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NCAA mulling temporary relief waiver, which could mean cutting D-I golf programs

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Is college golf on the chopping block?

In a recent letter sent to NCAA president Mark Emmert, commissioners from the Group of 5 and 22 other non-Power 5 Division I conferences asked for emergency legislative relief to reduce or waive several Division I membership requirements, including the minimum number of sports a school must sponsor.

If approved, non-revenue sports such as men’s and women’s golf figure to be affected most.

“In order to provide NCAA Division I institutions flexibility in addressing the challenges for the foreseeable future, we request temporary relief from several regulatory requirements for a period of up to four years,” the letter read. “A blanket waiver for relief will provide institutions the ability to make prudent and necessary decisions for the financial well-being of the institution.”

The letter comes as schools across the board deal with loss of revenue and budget cuts. The COVID-19 pandemic forced the cancellation of March Madness and the remainder of the NCAA’s spring calendar, and this fall’s college football season could also be affected.

Currently, the NCAA requires Division I schools to field at least 16 varsity sports. The Group of 5, which consists of the American Athletic Conference, Mountain West Conference, Mid-American Conference, Sun Belt Conference and Conference USA, is asking for a four-year waiver from these requirements. The other 22 conferences agree that a two-year exemption with an option up to four years is a better route.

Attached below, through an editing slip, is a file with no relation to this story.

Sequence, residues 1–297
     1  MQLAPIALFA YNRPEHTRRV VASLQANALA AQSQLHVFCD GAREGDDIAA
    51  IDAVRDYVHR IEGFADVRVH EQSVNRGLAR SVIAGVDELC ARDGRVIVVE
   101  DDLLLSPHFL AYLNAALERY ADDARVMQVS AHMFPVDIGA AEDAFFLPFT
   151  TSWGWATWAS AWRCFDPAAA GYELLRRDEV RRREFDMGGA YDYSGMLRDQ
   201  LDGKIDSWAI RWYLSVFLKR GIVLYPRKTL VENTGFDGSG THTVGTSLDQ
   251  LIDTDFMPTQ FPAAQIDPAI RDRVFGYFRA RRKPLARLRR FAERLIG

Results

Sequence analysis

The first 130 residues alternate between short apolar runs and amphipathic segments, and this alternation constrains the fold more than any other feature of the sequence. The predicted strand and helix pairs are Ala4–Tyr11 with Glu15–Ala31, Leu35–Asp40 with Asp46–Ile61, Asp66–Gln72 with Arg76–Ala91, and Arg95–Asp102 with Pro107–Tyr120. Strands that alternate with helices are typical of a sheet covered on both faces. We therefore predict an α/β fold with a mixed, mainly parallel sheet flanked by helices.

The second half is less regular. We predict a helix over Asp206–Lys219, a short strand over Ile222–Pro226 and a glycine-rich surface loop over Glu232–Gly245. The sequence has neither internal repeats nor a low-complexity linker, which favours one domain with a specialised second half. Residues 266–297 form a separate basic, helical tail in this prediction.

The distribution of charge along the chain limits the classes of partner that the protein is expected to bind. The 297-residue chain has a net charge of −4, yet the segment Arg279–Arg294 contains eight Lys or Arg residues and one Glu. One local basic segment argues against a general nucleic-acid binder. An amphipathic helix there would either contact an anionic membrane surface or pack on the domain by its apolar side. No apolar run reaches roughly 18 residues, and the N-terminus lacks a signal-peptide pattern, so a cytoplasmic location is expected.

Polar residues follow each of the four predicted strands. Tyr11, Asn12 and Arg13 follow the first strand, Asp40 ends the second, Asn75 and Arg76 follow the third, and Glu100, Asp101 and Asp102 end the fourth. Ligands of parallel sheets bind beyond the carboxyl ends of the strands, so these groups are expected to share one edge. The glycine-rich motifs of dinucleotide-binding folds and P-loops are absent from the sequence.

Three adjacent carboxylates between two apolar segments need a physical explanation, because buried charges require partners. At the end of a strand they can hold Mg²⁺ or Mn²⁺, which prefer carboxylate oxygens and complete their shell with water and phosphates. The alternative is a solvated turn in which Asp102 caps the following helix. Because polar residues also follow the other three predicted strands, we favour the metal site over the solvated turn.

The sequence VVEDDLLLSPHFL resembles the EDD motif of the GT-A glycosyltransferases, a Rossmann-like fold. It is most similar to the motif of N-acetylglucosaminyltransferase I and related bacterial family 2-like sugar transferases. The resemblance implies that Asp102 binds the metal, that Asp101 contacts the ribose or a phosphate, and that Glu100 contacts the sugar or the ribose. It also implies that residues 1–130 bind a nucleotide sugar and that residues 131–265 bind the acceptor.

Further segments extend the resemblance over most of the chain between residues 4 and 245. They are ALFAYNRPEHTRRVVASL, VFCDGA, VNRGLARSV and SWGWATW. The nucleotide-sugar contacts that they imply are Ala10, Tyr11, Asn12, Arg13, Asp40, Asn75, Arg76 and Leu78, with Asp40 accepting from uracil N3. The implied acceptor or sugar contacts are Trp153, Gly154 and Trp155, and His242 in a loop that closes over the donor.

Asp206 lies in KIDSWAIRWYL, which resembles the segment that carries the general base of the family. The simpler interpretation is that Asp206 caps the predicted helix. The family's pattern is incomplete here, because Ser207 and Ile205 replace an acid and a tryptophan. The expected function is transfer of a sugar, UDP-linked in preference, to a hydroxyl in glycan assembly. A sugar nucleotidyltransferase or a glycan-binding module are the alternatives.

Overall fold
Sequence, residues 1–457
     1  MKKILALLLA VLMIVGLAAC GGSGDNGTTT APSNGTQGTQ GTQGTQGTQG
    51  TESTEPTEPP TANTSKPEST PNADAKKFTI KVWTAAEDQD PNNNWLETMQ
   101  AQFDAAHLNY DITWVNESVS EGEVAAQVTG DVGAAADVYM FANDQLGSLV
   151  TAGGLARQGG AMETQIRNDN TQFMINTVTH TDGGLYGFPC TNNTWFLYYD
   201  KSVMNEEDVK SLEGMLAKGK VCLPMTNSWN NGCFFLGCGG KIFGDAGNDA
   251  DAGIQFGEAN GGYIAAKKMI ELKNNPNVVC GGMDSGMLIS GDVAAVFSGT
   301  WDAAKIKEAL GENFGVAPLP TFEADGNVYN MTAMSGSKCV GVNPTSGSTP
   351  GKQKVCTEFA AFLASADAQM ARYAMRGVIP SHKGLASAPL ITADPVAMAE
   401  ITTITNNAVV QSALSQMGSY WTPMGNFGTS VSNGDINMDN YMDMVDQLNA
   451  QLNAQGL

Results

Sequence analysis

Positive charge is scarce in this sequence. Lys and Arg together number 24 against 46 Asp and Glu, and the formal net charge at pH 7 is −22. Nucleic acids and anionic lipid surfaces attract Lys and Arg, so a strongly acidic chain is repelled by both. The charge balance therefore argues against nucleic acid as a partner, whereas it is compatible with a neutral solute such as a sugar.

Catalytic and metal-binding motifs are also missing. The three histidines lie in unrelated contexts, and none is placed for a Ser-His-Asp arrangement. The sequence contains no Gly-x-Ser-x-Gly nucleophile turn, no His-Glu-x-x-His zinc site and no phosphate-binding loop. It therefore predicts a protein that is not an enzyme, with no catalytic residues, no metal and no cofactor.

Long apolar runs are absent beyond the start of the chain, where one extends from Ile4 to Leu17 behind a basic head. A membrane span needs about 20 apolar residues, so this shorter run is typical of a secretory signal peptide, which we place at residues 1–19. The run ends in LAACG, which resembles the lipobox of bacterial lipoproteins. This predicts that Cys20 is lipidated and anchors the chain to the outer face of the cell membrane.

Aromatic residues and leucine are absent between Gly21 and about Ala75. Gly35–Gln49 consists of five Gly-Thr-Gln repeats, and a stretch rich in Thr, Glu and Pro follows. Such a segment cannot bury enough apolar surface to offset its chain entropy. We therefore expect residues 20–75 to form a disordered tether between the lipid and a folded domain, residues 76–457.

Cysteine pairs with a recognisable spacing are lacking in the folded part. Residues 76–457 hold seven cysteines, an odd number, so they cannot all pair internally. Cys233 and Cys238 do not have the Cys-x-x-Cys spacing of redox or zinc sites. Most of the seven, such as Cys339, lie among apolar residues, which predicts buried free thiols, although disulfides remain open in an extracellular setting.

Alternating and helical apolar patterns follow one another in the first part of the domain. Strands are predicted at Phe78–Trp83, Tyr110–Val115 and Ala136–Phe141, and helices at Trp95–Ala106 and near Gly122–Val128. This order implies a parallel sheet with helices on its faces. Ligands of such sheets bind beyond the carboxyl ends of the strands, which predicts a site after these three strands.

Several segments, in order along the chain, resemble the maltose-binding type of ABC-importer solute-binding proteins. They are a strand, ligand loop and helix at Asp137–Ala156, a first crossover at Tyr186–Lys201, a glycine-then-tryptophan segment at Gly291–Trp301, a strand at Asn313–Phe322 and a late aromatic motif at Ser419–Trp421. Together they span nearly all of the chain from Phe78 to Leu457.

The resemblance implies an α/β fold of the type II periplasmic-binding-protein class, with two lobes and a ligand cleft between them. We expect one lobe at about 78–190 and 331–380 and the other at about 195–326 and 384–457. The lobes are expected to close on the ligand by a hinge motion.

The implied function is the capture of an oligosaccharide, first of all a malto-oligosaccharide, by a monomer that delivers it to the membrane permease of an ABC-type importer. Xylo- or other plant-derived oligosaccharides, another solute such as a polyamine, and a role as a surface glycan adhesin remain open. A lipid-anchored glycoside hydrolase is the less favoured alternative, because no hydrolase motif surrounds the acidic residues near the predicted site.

“Nobody wants to cut sports,” Mountain West commissioner Craig Thompson told ESPN. “There's the conspiracy theorists who say, 'Oh, this is the opportunity they've been looking for. They've been trying to cut that.' I don't believe that's really the case. If you have to sponsor 16 sports to maintain FBS Division I status, could that number be 14? That's not the intent, though. The intent is to at least sponsor what we're sponsoring now, but maybe not at the same levels required by the NCAA legislation.”

The Power 5s were not part of the request, though they would be subject to new requirements if the waiver is approved.

The NCAA Division I Council plans to meet later this week to discuss the matter, but a vote is not expected during that video conference.

Meanwhile, the Golf Coaches Association of America has joined other non-revenue coaches’ organizations in writing a letter to the NCAA on Wednesday.

“If this waiver passes, it would mean the potential for fewer teams, fewer scholarships and fewer opportunities for student athletes competing in Olympic and non-revenue producing sports,” wrote Gregg Grost, CEO of the GCAA, in an email sent to golf coaches and “The GCAA strongly opposes this drastic measure and has signed off on a letter with other coaches associations that was sent to NCAA President Mark Emmert today.”

The letter included: “The economic impact of the COVID-19 pandemic places a lasting burden on both higher education and intercollegiate athletics alike, but slashing opportunities for students is not the solution.”

Click here to read the entire letter.

There are currently 292 men’s and 261 women’s golf programs in Division I.